It is said that nowhere in Nova Scotia is more than 67 km (42 mi) from the ocean. Once you look at the map of my home province, you will see how true that is.
Nova Scotia has 13,300 km of coastline on the Atlantic Ocean. A coastline that consists of amazing beaches, wonderful waves, fantastic cliffs, beautiful wild islands, chiseled inlets and coves, and the highest tides in the world.
So what exactly do I mean when I say the highest tides in the world? Well we took a little day trip to show JT a couple of spots that not only prove this fact but always leave us in awe of the beauty of our province and the power of the Atlantic Ocean.
Our first stop was Anthony Provincial Park in Maitland. This day-use park overlooking Cobequid Bay is a perfect place get an idea of the drastic difference between high and low tide. The Doc and I had visited this spot a couple of years ago when the tide was high. On our visit this time the tide is low. Luckily, I have pictures from both visits to share so you can see the difference.
Next we head to Burntcoat Head Park in Noel. Burntcoat Head is the actual site of the highest tides in the world. According to the sign, the tidal range can reach 16.3 metres (53.5 feet) at its greatest, from low tide to high tide. This is where we do more than look at the shoreline. It is were we walk out on the ocean floor. There is a window of a few hours around low tide when this is possible. We picked this particular day because both the weather and the tide schedules were in our favour.
The view as we tentatively step onto the sandstone base that has been chiseled into steps from centuries of tidal movement is breathtaking. One you never forget. I was looking forward to seeing it again knowing how its beauty made me feel on my previous visit. I was also looking forward to JT experiencing the same thing.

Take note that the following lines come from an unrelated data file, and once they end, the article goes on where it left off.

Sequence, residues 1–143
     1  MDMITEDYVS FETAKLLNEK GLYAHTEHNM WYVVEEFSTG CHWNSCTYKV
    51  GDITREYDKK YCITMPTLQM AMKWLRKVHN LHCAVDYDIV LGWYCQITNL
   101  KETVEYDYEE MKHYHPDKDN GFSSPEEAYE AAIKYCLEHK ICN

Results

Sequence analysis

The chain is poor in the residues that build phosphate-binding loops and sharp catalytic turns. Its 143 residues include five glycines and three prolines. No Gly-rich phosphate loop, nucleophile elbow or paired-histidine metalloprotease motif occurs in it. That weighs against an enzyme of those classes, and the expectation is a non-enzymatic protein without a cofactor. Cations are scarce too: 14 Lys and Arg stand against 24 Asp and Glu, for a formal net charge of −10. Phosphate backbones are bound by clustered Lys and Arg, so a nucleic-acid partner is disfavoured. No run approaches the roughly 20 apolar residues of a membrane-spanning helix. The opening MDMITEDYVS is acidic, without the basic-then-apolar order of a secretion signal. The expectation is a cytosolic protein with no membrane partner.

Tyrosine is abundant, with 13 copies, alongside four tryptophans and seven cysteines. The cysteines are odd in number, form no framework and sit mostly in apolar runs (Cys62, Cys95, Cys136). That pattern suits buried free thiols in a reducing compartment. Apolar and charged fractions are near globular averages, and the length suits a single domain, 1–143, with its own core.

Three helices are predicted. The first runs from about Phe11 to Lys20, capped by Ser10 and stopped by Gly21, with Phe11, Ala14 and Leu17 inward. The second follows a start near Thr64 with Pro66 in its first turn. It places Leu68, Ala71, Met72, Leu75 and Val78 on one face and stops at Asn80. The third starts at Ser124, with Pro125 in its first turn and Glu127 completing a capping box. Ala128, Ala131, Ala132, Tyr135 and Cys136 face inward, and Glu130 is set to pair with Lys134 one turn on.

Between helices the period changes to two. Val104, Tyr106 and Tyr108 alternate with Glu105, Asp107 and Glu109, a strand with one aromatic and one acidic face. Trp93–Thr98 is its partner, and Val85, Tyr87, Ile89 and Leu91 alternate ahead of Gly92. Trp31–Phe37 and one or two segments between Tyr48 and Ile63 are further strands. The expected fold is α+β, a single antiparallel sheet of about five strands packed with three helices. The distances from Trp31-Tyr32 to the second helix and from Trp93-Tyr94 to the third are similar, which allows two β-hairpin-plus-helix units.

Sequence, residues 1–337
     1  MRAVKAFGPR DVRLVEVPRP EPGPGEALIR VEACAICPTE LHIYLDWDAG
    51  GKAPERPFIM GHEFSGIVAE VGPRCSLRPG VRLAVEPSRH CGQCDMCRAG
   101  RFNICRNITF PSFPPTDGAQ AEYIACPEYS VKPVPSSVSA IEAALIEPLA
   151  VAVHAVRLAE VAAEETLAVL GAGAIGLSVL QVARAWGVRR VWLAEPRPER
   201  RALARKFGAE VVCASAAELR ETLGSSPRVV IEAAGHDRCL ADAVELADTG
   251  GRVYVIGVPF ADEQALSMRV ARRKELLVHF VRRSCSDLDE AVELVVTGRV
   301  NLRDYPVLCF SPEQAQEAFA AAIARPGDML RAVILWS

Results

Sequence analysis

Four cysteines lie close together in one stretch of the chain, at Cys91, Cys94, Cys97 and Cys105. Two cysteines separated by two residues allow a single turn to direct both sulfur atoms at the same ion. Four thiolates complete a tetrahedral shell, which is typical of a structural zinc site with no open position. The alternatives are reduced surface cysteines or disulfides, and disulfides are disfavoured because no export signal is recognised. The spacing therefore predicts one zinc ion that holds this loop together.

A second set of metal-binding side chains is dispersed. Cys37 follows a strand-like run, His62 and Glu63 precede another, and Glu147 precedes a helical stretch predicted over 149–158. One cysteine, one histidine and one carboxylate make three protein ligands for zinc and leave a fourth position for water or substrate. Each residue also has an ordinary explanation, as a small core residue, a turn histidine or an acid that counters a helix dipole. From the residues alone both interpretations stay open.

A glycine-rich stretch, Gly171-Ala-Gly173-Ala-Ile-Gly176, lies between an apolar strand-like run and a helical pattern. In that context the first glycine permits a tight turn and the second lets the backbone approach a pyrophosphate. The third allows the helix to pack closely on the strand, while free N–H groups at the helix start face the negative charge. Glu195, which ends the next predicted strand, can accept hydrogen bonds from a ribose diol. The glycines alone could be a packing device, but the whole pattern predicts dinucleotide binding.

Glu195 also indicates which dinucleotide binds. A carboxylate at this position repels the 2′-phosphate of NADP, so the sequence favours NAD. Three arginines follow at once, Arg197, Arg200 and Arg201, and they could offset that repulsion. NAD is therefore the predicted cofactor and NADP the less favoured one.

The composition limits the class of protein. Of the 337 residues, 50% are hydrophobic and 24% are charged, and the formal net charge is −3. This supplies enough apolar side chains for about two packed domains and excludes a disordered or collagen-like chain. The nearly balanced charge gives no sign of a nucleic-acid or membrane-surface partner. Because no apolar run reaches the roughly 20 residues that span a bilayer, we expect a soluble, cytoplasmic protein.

At the bottom there is so much to see:
There are islands that you can walk around. Islands that were once part of the mainland.
There are the eroded cliffs that jut out above us. Cliffs of sedimentary rocks dating back 220 million years.
There are small caves and cutouts created by beating and retreating waves.
And shapes and markings that look like artwork. The handiwork of powerful wet fingers.
There are signs of ocean life, periwinkles and small hermit crabs and signs of the movement of creatures now buried until the water returns.
And there is a vastness that leaves you speechless, which is why I am currently sharing more pictures than words.
We spend almost three hours wandering the floor before leaving for a dinner reservation. Burntcoat Head is a place that you keep looking back at while walking away because you’re not ready to leave and because you don’t want to lose that feeling of perspective. That feeling that this landscape, this ocean, this planet are so much more important than we puny humans are and are willing to admit. I would like to think that it is a place that can change you.
Thank You for reading.
Photos: Jenn Stone, Nova Scotia Map – Wikipedia